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Pancreatic Cancer Cells Vulnerable to Glutamine Pathway Inhibitors

By BiotechDaily International staff writers
Posted on 10 Apr 2013
Pancreatic cancer cells utilize the amino acid glutamine to fuel their metabolism and are dependent on a single molecular pathway that may be susceptible to pharmaceutical inhibition.

Investigators at the Dana-Farber Cancer Institute (Boston, MA, USA) reported in the March 27, 2013, online edition of the journal Nature that they had identified a noncanonical pathway of glutamine use in human pancreatic ductal adenocarcinoma (PDAC) cells that was required for tumor growth. While most cells use glutamate dehydrogenase (GLUD1) to convert glutamine-derived glutamate into alpha-ketoglutarate in the mitochondria to fuel the tricarboxylic acid cycle (Kreb's cycle), PDAC was shown to rely on a distinct pathway in which glutamine-derived aspartate was transported into the cytoplasm where it was converted into oxaloacetate by aspartate transaminase (GOT1). Subsequently, this oxaloacetate was converted into malate and then pyruvate, increasing the NADPH/NADP+ ratio, which could then maintain the cellular redox state.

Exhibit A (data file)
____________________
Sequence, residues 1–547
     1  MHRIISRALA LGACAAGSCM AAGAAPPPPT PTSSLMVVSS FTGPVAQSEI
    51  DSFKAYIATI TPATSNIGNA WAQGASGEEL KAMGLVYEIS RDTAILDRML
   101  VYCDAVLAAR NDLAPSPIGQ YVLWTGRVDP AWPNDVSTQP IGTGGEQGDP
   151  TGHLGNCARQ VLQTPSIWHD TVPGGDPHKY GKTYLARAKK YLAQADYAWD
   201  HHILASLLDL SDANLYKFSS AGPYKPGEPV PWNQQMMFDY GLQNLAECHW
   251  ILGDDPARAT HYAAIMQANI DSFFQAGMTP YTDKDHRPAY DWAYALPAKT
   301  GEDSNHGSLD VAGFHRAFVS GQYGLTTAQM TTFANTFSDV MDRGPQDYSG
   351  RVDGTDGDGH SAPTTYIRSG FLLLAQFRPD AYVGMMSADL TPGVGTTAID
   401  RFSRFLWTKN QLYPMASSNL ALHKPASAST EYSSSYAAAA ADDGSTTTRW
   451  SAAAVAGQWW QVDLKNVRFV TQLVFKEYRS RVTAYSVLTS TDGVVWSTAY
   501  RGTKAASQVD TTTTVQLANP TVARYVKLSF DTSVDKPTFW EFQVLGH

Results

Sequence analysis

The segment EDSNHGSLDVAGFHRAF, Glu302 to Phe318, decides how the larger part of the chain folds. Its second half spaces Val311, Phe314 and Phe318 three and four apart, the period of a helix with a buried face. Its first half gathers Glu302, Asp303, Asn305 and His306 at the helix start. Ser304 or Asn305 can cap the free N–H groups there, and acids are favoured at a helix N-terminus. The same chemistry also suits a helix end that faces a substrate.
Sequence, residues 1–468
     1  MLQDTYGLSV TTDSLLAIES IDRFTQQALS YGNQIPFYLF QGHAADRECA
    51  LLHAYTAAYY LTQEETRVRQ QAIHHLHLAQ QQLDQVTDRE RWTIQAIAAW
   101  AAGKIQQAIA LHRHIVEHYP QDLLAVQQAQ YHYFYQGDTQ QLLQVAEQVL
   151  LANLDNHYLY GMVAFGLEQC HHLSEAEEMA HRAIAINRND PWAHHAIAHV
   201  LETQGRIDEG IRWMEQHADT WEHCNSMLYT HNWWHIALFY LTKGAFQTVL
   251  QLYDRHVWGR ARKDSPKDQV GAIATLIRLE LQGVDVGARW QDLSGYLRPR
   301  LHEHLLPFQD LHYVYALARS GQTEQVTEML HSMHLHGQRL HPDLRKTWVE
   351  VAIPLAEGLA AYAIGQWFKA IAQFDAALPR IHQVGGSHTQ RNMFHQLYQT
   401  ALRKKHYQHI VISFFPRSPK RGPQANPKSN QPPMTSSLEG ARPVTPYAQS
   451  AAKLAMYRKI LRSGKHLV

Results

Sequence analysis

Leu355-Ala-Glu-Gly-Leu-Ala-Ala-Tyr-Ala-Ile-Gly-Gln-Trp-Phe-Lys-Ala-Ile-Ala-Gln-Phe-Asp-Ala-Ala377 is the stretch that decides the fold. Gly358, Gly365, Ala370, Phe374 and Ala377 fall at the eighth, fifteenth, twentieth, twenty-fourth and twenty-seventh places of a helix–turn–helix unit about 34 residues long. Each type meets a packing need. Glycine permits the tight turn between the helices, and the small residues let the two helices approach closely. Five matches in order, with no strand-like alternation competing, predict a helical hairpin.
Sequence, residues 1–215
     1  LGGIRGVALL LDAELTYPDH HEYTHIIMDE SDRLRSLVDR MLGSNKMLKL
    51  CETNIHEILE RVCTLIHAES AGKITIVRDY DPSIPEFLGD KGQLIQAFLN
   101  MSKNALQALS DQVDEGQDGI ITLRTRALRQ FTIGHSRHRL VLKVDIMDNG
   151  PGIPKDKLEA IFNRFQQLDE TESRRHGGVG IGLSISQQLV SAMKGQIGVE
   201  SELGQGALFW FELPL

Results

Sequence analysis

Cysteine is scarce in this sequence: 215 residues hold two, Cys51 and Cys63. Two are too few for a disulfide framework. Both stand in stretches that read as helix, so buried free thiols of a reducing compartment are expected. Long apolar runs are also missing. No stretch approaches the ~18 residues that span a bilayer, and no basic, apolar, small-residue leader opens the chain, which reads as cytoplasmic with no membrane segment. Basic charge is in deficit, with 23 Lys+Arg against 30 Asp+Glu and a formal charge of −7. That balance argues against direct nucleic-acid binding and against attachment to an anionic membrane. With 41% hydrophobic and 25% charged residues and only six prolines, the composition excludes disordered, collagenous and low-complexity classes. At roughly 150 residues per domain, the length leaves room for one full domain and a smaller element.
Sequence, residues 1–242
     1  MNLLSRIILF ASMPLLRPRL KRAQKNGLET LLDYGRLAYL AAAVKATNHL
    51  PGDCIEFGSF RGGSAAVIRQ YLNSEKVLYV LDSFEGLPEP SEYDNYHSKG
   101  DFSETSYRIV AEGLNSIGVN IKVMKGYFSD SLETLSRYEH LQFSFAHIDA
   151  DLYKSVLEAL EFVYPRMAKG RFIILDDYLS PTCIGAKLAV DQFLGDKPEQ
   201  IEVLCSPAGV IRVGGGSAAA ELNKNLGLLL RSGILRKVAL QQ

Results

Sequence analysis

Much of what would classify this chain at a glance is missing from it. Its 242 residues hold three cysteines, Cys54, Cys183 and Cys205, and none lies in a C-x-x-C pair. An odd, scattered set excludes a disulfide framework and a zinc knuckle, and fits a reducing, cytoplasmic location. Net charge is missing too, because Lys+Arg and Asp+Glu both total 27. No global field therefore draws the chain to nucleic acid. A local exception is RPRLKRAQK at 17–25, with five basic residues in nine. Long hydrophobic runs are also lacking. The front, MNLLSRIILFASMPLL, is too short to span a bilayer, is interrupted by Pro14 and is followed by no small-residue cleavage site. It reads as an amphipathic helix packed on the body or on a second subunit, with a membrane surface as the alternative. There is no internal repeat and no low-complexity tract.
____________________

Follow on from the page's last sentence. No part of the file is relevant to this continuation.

PDAC cells were strongly dependent on this series of reactions, as glutamine deprivation or genetic inhibition of any enzyme in this pathway led to an increase in reactive oxygen species and a reduction in reduced glutathione. Moreover, knockdown of any component enzyme in this series of reactions resulted in a pronounced suppression of PDAC growth in vitro and in vivo.

Reprogramming of glutamine metabolism by PDAC was found to be mediated by the KRAS oncogene. The protein product of the normal KRAS (Kirsten rat sarcoma viral oncogene) gene performs an essential function in normal tissue signaling, and its mutation is an essential step in the development of many cancers. A single amino acid substitution is responsible for the activating mutation. The transforming protein that results is implicated in various malignancies, including lung adenocarcinoma, mucinous adenoma, ductal carcinoma of the pancreas, and colorectal carcinoma.

“Pancreatic cancer cells have painted themselves into a metabolic bottleneck,” said senior author Dr. Alec Kimmelman, assistant professor of radiation oncology at the Dana-Farber Cancer Institute. “If you suppress any enzyme in that pathway, the cancer cells cannot effectively compensate and they can no longer grow. We do not have a drug to do this in humans, but we are working on inhibitors of enzymes in the glutamine pathway.”

Related Links:

Dana-Farber Cancer Institute



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